Next month, it will be the three year anniversary of my dad’s death. July marks the five year anniversary of my mom’s death. While time has healed, there are still moments when the pain feels fresh like a newly skinned knee.
I’m not sure if it was just the combination of a lot of things or not, but this morning was a tough morning for me. I dragged myself out of bed and ran six miles, feeling as if I had expended all of the energy I had by the time I walked back up to my front door.
When I walked back into the house, it was still quiet. This “spring ahead” thing is tough on kids (and their parents). I wanted nothing more than to just go back to bed, but I went through the motions of my daily routine. After going to the bus stop with my boys, laying in bed with my daughter watching the Disney Channel, and doing my best to muster up enough energy to move ahead with my day, I finally got out the door.
I’ve saved four voicemails in my cell phone. Two of them are from my mom and two of them are from my dad. There are days that I just need to hear their voices. Their statements are comforting to me and hearing the words “see you soon” always both break and warm my heart simultaneously. It was to those voicemails that I went as I drove to Starbucks this morning.
The messages don’t do the same thing to me that they once did when the pain and hurt was really fresh. I think I’ve come to a place where they actually bring me more hope now than they do despair. The inflections of words, the emotion in my parents’ voices, the love that they shared, all of those things are evidenced within just a few sentences left on a voicemail.
The messages were over and I switched back to listening to music in the car. As I pulled into the parking lot of Stabucks, the song “Cinderella” came on. I don’t think that I fully appreciated that song until I had a daughter. We’ve danced to it a time or two, but just like those voicemails, that song has the ability to rip my heart right out of my chest as I imagine my four year old daughter grown up and me walking her down the aisle on her wedding day.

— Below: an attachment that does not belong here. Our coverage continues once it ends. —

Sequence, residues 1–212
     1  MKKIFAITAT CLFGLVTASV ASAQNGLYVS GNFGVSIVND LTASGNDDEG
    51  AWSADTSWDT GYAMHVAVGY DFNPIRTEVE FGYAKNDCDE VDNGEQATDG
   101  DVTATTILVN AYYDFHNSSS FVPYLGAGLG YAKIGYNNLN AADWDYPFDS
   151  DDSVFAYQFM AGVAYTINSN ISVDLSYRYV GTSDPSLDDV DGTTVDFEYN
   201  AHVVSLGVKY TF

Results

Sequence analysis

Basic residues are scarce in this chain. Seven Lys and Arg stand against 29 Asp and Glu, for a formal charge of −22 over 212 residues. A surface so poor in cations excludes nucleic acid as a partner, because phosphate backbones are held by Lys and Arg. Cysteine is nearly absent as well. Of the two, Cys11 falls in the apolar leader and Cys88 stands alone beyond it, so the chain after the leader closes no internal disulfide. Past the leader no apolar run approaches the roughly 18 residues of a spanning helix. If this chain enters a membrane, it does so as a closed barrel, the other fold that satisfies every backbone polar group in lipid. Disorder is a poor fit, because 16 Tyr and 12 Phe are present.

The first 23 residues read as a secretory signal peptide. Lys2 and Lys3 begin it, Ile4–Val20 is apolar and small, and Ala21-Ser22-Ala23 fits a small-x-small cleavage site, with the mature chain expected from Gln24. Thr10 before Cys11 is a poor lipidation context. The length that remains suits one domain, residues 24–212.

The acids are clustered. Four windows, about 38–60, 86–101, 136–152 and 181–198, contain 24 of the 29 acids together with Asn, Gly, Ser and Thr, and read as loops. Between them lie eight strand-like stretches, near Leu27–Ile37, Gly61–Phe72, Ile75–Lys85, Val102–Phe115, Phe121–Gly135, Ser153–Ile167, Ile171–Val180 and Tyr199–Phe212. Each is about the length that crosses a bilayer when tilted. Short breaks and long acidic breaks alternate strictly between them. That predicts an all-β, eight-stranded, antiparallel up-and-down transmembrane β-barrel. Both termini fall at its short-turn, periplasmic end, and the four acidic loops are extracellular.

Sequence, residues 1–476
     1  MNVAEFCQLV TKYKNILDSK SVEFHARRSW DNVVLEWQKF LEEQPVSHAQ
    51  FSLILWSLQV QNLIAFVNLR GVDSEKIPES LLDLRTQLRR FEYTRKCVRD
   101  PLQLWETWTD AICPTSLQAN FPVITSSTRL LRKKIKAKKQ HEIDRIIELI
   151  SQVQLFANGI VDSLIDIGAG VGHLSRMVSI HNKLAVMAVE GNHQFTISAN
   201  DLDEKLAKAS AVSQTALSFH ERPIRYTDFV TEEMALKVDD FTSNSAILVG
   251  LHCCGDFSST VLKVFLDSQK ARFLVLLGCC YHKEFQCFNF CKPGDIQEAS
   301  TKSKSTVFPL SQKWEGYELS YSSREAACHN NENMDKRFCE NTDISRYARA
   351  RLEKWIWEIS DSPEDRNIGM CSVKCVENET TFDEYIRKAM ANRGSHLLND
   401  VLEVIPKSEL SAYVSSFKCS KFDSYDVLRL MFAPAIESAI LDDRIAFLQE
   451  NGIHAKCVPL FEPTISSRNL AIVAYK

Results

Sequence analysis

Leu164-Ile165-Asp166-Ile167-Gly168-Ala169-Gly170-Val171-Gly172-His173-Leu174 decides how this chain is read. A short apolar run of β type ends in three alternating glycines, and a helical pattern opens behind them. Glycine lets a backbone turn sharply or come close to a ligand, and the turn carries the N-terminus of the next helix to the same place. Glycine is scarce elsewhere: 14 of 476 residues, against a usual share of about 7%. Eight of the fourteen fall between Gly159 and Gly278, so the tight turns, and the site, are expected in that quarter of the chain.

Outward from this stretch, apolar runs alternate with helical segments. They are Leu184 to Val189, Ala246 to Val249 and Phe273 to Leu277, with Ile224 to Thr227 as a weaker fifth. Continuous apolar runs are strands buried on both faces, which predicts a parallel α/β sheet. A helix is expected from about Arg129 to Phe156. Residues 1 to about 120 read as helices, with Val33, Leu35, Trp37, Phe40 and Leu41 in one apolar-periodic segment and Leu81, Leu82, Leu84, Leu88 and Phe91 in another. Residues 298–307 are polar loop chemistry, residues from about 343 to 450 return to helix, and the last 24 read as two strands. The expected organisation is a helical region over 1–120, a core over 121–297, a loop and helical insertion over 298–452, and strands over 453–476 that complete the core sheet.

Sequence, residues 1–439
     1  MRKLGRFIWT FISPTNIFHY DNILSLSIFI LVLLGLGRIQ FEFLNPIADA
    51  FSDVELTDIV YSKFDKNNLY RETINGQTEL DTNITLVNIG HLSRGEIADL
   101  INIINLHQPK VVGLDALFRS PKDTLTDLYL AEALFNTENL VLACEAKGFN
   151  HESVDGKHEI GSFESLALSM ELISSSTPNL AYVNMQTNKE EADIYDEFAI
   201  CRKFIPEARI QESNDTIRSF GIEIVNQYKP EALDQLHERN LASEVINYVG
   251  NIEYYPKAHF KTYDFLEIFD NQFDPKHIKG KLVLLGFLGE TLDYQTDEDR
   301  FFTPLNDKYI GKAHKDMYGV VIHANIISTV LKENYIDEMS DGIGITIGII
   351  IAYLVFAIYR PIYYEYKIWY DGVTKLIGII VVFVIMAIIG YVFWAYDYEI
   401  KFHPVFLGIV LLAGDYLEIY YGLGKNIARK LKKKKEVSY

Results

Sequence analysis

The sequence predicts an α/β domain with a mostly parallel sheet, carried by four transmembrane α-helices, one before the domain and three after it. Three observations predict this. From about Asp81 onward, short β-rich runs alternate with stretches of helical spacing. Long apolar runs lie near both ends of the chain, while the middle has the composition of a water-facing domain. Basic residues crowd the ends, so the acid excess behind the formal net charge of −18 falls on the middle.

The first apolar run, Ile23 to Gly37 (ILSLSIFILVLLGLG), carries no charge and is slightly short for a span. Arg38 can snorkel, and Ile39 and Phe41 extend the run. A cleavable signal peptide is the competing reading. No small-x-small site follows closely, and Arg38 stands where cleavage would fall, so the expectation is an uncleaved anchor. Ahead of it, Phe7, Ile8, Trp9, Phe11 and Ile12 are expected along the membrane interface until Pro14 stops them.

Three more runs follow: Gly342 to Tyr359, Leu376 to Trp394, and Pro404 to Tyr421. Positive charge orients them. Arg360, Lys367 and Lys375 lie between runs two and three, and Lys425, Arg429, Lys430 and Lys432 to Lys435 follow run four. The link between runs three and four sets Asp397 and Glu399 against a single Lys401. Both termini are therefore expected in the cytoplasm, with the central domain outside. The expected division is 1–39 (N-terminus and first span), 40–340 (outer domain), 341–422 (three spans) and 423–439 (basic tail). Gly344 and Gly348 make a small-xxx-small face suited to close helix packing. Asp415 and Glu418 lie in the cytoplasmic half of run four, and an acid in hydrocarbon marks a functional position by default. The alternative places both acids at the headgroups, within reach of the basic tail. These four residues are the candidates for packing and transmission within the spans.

As the song ended, I just sat there in my car. My eyes were dry, but my heart was aching. Within twenty minute period, I had experienced a swath of emotions. Up, down, all around. To top it off, it’s a rainy day and a Monday. Karen Carpenter sang it well, “Rainy days and Mondays always get me down.” I took to social media and proclaimed that while rainy days and Mondays might get you down, what happens when you have rainy day Mondays?
Within a half an hour, I was cranking along. That’s the nature of the beast, the further away from the situation I get, the better my recovery time.
As I sat in Starbucks listening to the clanking of equipment and the banter of the baristas and patrons around me, I couldn’t help but smile. The rainy days always seem to make the sunny days brighter. The chilly days always seem to make the warmth strike me just a little deeper than before. The moments of pain somehow seem to make the moments of joy last that much longer.
Sure, there’s still pain, there’s still grief, and there’s even still the occasional tears, but the hope that I hold onto in those moments will sustain me and carry me on. Rainy days and Mondays might get me down, but they also help me prepare for what’s ahead, and thinking about that, I just can’t help myself from smiling!